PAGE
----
Researchers from the Department of Pharmacology at the University of Cape Coast discovered that herb-based alcoholic beverages have no influence on male reproductive function, either positive or negative.
The research indicates that they are “quite hazardous to sperm.”
In a paper titled “Effects of three herb-based alcoholic beverages manufactured in Ghana on sperm characteristics and reproductive hormones in rats” published in the 2020 edition of the Scientific African journal, researchers led by Dr. Robert Peter Biney discovered the detrimental effects of three Ghanaian herb-based alcoholic beverages on rat sperm.
Alcohol is recognized to have a deleterious impact on fertility, despite the fact that the majority of ads for alcoholic beverages in Ghana use herbal ingredients purported to boost sexual function.
As little is known about the influence of herbal components in these alcoholic drinks on fertility, the purpose of this study was to examine the effects of selected alcoholic beverages produced in Ghana on male reproductive function using rats.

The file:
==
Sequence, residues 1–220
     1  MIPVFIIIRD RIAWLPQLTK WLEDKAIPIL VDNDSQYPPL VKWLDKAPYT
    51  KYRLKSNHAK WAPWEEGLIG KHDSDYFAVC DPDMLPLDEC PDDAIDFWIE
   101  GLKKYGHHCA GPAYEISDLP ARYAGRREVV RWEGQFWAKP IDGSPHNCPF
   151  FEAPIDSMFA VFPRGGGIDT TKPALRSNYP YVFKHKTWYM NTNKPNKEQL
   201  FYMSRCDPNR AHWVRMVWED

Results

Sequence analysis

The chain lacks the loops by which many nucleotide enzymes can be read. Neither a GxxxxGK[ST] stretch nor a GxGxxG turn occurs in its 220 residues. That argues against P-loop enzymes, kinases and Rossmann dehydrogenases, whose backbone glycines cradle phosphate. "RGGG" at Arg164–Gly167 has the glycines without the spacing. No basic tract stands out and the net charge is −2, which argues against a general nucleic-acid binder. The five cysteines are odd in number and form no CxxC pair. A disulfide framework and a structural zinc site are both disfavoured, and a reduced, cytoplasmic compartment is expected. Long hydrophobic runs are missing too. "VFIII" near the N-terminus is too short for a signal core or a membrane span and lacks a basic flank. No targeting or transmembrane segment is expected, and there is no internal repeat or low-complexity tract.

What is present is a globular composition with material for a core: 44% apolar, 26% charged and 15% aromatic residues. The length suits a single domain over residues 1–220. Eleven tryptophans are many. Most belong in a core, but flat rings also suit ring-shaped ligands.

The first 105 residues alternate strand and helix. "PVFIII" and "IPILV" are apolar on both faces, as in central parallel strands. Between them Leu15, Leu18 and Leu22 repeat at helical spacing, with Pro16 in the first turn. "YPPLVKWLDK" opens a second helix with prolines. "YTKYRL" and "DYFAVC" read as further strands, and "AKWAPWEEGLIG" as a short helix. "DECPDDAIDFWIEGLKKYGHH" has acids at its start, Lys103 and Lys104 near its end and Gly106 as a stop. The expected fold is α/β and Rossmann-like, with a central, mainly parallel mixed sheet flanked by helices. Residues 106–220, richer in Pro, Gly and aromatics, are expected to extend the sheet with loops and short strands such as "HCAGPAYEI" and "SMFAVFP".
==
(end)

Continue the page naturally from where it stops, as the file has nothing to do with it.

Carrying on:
After administering the herbal alcoholic drinks to laboratory rats for 21 days, scientists gathered blood samples, removed their testicles, and analyzed the results.
As base herbs, these drinks comprised Khaya senegalensis or ‘Kuntunkuri,’ Xylopia aethiopica or ‘hwentia,’ Anthocleista nobilis or ‘Bontodee,’ and ginger.
Various therapeutic effects have been claimed to various plants. Khaya senegalensis possesses anti-inflammatory and anti-plasmodial activities, whilst Xylopia aethiopica possesses anti-inflammatory, analgesic, and antidepressant characteristics. It has been claimed that Anthocleista nobilis possesses wound-healing and anti-plasmodial properties, while Zingiber officinale has anti-inflammatory and anti-thrombosis properties.
However, it has not yet been demonstrated if these medicinal herbs may create a therapeutic impact when used as a foundation for alcoholic beverages.
At the conclusion of the investigation, it was determined that the selected preparations lowered sperm count and motility in comparison to individuals who were given alcohol alone. Interestingly, Kuntunkuri-containing beverages were the most harmful to the sperm.
They indicate that K. senegalensis-containing herbal drinks led to a loss of spermatogenic cells and the architecture of seminiferous tubules, which might result in male infertility.
The study team wants to warn consumers about the possible harmful consequences of locally produced alcoholic beverages containing herbs.